We get a couple of nice stories from Ted Knight’s past, including one featuring a truly chilling turn from the Ragdoll, a villain that Robinson breathed a real spark of malevolence into. It’s illustrated in a chunky, expressive style by Matt Smith. The other highlight for me however is the Mikaal solo story ‘Superfreaks and Backstabbers’ which is a title that would make me love the comic even if it consisted of nothing but blank panels. Illustrated in a wonderfully overwrought psychedelic style by Craig Hamilton, the issue tells the story of Mikaal’s wallow in in the sordid pleasures of humanity and subsequent rebirth. It riffs shamelessly on ‘The Man Who Fell to Earth’ and is none the worse for it. Robinson indulges his penchant fo purple prose to the max, but here it really works. The story also features possibly the only psychic superhero battle set entirely in a disco, but I might be wrong.

So, yeah, ‘Cry Cry Justice-face’ might well be as bad as some people say, but I still dig Starman. It feels personal in all the right ways. Robinson put his all into telling the story of the Starmen of Opal city, and if he shot his load doing so, then fuck it. Some people never get it up in the first place.

Mike Carey & Sonny Liew



Total cost to the Beast: £0.99

Well this was absolutely charming. It was part of DC’s ill-fated Minx line of comics, which attempted to capture a chunk of the lucrative manga teen market with a focus on girl-centric stories. Re-Gifters tells the story of Jen Dik Seong (or ‘Dixie’) a Korean-American teen and her troubles with family, friends, boys and martial arts. What could be horrendously trite bullshit is actually genuinely engaging stuff, with a likable, flawed heroine at it’s core. Dixie is hot-tempered and short-sighted, but you root for her nonetheless. Indeed all the characters are nicely sketched, so even the stock types (Blonde surfey hunk, Bad Kid and Sorority uber-bitch) have believable motivations and engage our sympathies at some point. Mike Carey (a writer I can really take or leave) really manages to concoct a story that feels instantly familiar yet genuinely fresh. The fizzy charm of the Karate Kid is present throughout Dixie’s tale. In fact it would make a great little movie of it’s own.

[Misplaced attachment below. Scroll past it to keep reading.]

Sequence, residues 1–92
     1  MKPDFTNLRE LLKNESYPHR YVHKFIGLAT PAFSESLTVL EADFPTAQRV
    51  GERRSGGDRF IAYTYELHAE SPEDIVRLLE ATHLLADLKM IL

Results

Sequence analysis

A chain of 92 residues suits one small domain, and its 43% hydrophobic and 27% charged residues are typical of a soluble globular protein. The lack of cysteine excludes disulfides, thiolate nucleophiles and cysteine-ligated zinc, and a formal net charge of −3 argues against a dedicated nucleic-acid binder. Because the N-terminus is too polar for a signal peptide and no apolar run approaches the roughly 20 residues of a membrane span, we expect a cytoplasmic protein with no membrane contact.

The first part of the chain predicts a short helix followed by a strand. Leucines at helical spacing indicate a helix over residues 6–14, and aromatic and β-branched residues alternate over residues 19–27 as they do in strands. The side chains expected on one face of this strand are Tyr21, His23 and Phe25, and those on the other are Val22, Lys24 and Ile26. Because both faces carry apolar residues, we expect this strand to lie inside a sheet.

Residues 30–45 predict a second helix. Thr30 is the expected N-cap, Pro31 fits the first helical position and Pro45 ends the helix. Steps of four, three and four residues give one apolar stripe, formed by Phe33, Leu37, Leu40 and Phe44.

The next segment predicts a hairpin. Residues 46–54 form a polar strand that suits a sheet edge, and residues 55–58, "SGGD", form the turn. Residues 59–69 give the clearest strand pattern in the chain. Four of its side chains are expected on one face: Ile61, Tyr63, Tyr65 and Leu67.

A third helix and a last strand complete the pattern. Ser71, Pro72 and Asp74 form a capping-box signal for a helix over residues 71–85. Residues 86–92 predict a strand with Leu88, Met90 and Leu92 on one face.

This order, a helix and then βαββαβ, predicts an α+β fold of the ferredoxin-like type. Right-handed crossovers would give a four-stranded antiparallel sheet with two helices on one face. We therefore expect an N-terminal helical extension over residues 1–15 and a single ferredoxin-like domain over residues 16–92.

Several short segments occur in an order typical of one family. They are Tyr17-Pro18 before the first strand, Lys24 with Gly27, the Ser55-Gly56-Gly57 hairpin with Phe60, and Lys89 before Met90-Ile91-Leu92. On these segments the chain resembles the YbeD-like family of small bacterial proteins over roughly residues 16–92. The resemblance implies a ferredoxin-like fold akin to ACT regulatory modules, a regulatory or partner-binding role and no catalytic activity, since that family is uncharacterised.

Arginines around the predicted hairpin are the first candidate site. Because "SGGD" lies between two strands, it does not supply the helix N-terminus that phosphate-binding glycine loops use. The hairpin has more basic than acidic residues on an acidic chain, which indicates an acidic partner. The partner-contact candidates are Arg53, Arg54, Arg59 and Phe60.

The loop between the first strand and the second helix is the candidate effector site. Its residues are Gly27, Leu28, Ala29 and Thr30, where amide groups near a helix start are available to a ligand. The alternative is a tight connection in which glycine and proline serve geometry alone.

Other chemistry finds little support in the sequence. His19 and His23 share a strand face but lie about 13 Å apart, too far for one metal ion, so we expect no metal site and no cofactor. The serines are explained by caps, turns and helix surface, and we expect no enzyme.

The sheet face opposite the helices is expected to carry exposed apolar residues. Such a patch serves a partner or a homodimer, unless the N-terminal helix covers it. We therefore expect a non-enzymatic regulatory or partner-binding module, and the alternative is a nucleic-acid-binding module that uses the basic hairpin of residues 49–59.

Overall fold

Sonny Liew, ably inked by the always great Marc Hempel, produces some delightful work. It’s a scratchy and loose take on Manga art, which absorbs the verbal shorthand and stylistic tics of that form and infuses it with a sketchbook indy quality that really suits Carey’s likable story. It’s deceptively simple but it really works, and it’s to his credit that he creates a gaggle of distinct characters and a well-realised world whilst keeping the story whipping along.

Call me soppy, but I had a big goofy grin on my face by the end of the book. If all the Minx titles had been this solidly entertaining I would have checked more of them out, but looking at the samples in the back of Re-Gifters. I’m not sure this was the case. Either way it’s academic as the imprint folded pretty sharpish. Another noble failure to rank alongside Milestone, Paradox Press and Piranha. You can’t say DC don’t try new things. One thing I’d say – he design of the Minx books sucks. They all had a weirdly ugly combinations of collage and illustration and hideous colours.  If you want to get the Manga kids reading, believe me that ain’t the way. Shame really as DC has a good history of innovative and stylish cover design. Think Rian Hughes’ stellar work on the Vertigo line in the 90’s.

So that’s your lot. Combined cost to the Beast: £4.97. Overall enjoyment – pretty good. Some cool exploding heads, a drug fuelled trip down memory lane and an ass kicking teenage girl.

Come back again soon. There’s a complete run of Dazzler with your name on it….